Sex sells! Still? How so not progressive!
October 23, 2019
And sometimes you have to admit meekly to your daughter that “well meant” in Marketing & Communications is not necessarily the same as “well executed”.
With the slogan: “Looks like shit. But saves my life,” Germany’s Federal Ministry of Transport and Digital Infrastructure (BMVI) tried to persuade cyclists to wear helmets. Models are sporting nothing but lacy lingerie – and bike helmets. Federal Minister of Transport Andreas Scheuer defended himself: “This slogan is probably not the usual German administration jargon. Nevertheless, it gets to the heart of the message: Helmets save lives!”
This Scholz & Friends campaign did cost 400.000 Euro; i.e. too little for big ad waves. Hence other levers were used: star photographer Rankin, the integration into Heidi Klum‘s format “Germany’s Next Top Model”, coverage in BILD, hype thru influencers etc.
The ads have sparked accusations of sexism and was commented from leading politicians with: “It is embarrassing, stupid and sexist for the transport minister to be selling his policies using naked skin”.
Nonetheless the campaign will now be awarded with the silver Effie Award from GWA. The argumentation: It generated 14.8 million Euro earned media plus raised the interested in bike helmets.
So yes, sex sells – still.
In contrast to this, more and more brands release ads that are much smarter and which potently crush gender stereotypes. Like Nike’s “Dream Crazier” campaign. It features inspiring female athletes like 4-time gold medal winner Simone Biles and snowboarder Chloe Kim, who have shattered glass ceilings in sports.
Invest the 90 seconds – like 10 million users before you – watch the video & share it with your daughters or female colleagues & mentées:
I love the claim “It’s only crazy until you do it. Just do it!”. It could literally be mine and that of all the female clients we are empowering for their next big career step – completely beyond all clichés and boundaries.
In our daily life, we’re surrounded by advertising, virtually every step we take and every move we make. Worldwide, 76% of female and 88% of male marketers believe they avoid gender stereotypes when creating ads, according to a survey by Kantar.
The world has changed a lot, in times of #MeToo, a UN push for gender equality and governments supporting gender-diverse corporate boards. So it’s up to marketers to reshape associations, break with outdated cliches and promote inclusive standards.
Your customers will thank you for it:
- 79% of women and 75% of men favor brands that promote gender positivity in their messaging, a Facebook data analysis revealed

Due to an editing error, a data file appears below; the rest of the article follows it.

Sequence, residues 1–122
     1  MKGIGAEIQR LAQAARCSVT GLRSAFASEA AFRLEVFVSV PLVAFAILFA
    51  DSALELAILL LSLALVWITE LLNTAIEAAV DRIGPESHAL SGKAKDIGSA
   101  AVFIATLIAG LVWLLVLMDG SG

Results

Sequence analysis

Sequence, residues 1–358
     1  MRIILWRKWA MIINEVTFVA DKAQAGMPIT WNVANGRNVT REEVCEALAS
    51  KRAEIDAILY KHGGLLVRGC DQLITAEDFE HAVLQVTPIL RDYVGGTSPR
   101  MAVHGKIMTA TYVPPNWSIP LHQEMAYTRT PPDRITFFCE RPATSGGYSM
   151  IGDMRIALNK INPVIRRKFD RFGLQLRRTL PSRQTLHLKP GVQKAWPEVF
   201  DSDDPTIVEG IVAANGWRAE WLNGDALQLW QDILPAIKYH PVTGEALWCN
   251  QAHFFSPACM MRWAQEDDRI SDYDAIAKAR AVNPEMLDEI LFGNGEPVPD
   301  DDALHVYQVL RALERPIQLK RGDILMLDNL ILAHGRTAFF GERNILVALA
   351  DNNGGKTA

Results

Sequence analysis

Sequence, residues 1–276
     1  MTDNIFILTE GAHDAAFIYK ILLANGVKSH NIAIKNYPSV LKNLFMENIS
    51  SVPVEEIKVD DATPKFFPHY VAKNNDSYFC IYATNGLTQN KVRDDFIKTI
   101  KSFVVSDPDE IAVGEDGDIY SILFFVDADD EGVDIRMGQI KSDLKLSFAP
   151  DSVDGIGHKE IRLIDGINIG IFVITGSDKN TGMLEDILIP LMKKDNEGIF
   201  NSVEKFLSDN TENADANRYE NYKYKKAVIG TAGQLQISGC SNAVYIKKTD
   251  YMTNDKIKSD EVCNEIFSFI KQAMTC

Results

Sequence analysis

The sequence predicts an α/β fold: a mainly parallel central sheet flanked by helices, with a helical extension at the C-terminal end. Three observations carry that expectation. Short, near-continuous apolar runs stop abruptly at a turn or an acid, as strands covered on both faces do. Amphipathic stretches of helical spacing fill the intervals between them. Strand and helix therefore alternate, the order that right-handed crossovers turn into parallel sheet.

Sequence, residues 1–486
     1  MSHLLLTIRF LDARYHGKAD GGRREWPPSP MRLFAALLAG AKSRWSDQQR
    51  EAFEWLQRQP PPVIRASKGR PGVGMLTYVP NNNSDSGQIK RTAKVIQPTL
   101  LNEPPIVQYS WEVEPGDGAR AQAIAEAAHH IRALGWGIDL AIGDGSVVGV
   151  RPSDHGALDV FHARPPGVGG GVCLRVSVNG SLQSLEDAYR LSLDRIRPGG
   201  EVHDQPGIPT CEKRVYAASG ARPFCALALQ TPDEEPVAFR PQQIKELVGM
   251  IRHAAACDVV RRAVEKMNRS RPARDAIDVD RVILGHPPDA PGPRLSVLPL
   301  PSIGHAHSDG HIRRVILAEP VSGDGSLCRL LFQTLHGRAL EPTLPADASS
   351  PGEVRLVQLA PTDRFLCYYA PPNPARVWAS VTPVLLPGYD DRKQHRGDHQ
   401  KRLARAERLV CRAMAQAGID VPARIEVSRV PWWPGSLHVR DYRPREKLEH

- Especially Gen Z is attracted to gender-neutral marketing.
Speaking of Gen Z and youth:
Do you remember the boundless joy playing with toys when you were a child? But chances are, girls play with dolls and boys with race cars. To break away from this, Mercedes-Benz teamed up with toy maker Mattel. The German car giant launched a campaign to tell girls that it’s perfectly okay to play with cars: Thousands of first-grade girls will get Matchbox replicas of the 220SE driven by Ewy Rosqvist when she won the Argentinian Grand Prix in 1962.
The UK recently took a strong stance and banned ads using gender stereotypes and outright sexism – typecasting girls as ballerinas and boys as scientists or superheroes, but also ads that portray men as being clumsy at household tasks like doing the laundry or making dinner, or ads that promote unrealistic beauty standards (think ‘beach body’ – whatever that means).
But not every company has gotten the message. An Austrian carpentry tried to drum up business with a poster featuring busty ladies and the tagline “We’re well stacked. Come and grab it.” You guessed right – it went viral and triggered outrage over its blatant sexism.
In 2017, the German carmaker Audi compared buying a vehicle to finding a wife and triggered a s**tstorm on Weibo till the ad was stopped.
The study “Unpacking Gender Bias in Advertising” by Google and the Geena Davis Institute on Gender in Media found that “85% of women said that when it comes to representing them, the advertising world needs to catch up with the real world.”
Nonetheless, we’ve come a long way since the 1950s, where a Ketchup ad asking “You mean a woman can open it?” or an ad for Van Heusen ties saying “Show her it’s a man’s world” seemed perfectly normal.
In the future, brands that challenge bias and embrace change and social values will have the winning hand.